Reformatting with the OEM recovery disks is the easiest way out and will ensure a clean machine since you are not sure what other types of malware had been installed, though it will wipe out all her personal files. We could try to remove the password on the computer, get any files off she just can not live without then reformat if you want to try that route, or if it is found that there are no serious backdoor trojans installed you may not need to reformat.

I am pretty sure that when you reformat using the OEM recovery partition (if there is one and it is usually found on the D: drive) or the recovery disks them selves, the recovery partition will be reinstalled during the reformat. I think Dell only provides the ability to create recovery disks, though the manufacturer may have created that D: recovery partition.

Anyway, when you get possession of the computer, see if you can boot it into safe mode. If so, this could be a way around that password so we can get a diagnostic log to reverse whatever changes the scammer did when she allowed him to access the computer remotely. If safe mode is not an option, we could also use a USB flash drive to create a bootable USB and use a recovery.iso to get through the "backdoor", per se'. Up to you though how you want to go about doing this.

Donna
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1 Week Ago   #6
TrustMe

Windows 7 Home Premium 64bit
 
 

Hi DonnaB, Thanks for the reply.

I just wanted to give an update. There was no message about the password (she originally told me there was). On startup it just brought you to the normal login screen. She never used a password before. I used Hirens Boot CD to clear the password and it booted to the desktop. From there i was able to save all her personal files to a portable hard drive.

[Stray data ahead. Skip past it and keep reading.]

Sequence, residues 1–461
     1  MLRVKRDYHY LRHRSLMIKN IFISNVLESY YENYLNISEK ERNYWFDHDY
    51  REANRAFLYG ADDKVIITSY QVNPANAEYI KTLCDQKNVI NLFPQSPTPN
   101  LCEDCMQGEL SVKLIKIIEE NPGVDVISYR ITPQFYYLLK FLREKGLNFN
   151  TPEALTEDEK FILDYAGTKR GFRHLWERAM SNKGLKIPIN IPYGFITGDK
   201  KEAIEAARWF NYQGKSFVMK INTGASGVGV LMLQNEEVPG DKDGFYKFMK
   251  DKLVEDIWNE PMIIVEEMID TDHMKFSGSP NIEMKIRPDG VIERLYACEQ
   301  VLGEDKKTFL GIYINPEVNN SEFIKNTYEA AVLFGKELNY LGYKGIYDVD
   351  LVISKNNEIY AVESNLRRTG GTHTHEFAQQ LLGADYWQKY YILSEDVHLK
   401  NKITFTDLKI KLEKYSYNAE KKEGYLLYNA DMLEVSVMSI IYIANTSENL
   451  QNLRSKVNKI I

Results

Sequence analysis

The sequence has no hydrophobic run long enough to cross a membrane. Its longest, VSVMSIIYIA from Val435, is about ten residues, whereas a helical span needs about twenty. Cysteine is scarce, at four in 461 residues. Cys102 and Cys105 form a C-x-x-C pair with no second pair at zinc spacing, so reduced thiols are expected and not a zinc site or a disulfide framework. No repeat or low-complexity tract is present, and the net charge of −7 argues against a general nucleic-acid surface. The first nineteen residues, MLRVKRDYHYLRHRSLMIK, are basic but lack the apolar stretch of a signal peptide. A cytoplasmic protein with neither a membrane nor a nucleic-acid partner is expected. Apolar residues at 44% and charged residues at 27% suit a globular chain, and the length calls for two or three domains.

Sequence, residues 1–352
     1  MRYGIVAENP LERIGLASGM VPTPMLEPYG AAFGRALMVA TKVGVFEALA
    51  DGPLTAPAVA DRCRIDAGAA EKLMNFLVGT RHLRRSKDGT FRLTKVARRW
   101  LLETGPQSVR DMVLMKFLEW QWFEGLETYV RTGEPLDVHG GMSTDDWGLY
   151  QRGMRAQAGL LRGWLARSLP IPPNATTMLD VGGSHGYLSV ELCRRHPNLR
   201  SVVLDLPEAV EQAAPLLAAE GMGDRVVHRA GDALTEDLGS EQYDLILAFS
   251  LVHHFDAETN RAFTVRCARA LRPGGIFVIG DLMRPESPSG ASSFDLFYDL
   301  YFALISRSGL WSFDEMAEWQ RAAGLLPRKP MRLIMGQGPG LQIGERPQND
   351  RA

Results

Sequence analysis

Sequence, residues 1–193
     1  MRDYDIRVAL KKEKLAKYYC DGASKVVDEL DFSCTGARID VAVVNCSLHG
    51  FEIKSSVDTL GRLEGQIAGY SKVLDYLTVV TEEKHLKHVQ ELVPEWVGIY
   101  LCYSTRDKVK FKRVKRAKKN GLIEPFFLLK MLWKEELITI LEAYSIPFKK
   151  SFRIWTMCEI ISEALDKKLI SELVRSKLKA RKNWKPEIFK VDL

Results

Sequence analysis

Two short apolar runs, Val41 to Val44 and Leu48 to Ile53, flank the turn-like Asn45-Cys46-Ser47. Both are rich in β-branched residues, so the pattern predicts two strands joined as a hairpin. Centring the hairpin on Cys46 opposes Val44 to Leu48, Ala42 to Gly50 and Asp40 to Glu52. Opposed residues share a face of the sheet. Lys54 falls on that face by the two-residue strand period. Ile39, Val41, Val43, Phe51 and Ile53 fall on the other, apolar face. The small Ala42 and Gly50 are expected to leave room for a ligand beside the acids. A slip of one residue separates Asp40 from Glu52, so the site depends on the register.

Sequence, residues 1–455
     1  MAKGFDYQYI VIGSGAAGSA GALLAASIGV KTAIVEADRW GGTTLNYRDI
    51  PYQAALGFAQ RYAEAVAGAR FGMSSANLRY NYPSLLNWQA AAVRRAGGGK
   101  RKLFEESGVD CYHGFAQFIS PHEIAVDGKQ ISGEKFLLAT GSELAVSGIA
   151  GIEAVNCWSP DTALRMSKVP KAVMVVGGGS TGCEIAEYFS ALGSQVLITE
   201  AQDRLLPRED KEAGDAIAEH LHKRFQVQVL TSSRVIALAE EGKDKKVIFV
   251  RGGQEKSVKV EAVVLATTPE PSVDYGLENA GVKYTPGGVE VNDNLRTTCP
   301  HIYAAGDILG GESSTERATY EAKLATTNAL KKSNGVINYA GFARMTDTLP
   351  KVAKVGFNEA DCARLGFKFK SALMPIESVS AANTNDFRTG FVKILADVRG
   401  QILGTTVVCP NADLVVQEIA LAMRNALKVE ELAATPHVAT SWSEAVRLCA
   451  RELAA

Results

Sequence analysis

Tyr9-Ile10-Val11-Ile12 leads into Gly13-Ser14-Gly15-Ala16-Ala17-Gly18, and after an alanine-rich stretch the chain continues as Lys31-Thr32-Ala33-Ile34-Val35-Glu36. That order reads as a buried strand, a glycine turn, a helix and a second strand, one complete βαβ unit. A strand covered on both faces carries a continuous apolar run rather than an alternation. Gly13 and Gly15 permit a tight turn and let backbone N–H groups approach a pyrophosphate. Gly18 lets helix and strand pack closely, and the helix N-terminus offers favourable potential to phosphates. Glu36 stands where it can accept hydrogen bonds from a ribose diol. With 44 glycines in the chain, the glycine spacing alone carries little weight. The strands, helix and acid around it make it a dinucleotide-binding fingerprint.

She found the Factory Restore flash drive I made when the computer was new and I used it this morning to restore her computer. Now i'm in the process of installing all the updates. It's installing the first 35 now. It will probable take two days to install them all. lol

After the updates, she has a few programs I need to install.

Thanks everyone for your input.
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1 Week Ago   #7
DonnaB

Win7 64-bit, Vista 32-bit, XP 32-bit, W2K 32-bit (VM)
 
 

Excellent! I love success stories. Nothing better than having friends who know their way around the computer. I am sure she will remember this experience for a long time coming. Please tell her to pass along her experience. If she tells 2 friends and they tell 2 friends (and so on and so on), maybe together we can all put these bad guys out of business who take advantage of the uneducated.

If you encounter any questions or concerns, please don't hesitate to ask.
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 A question about ransomware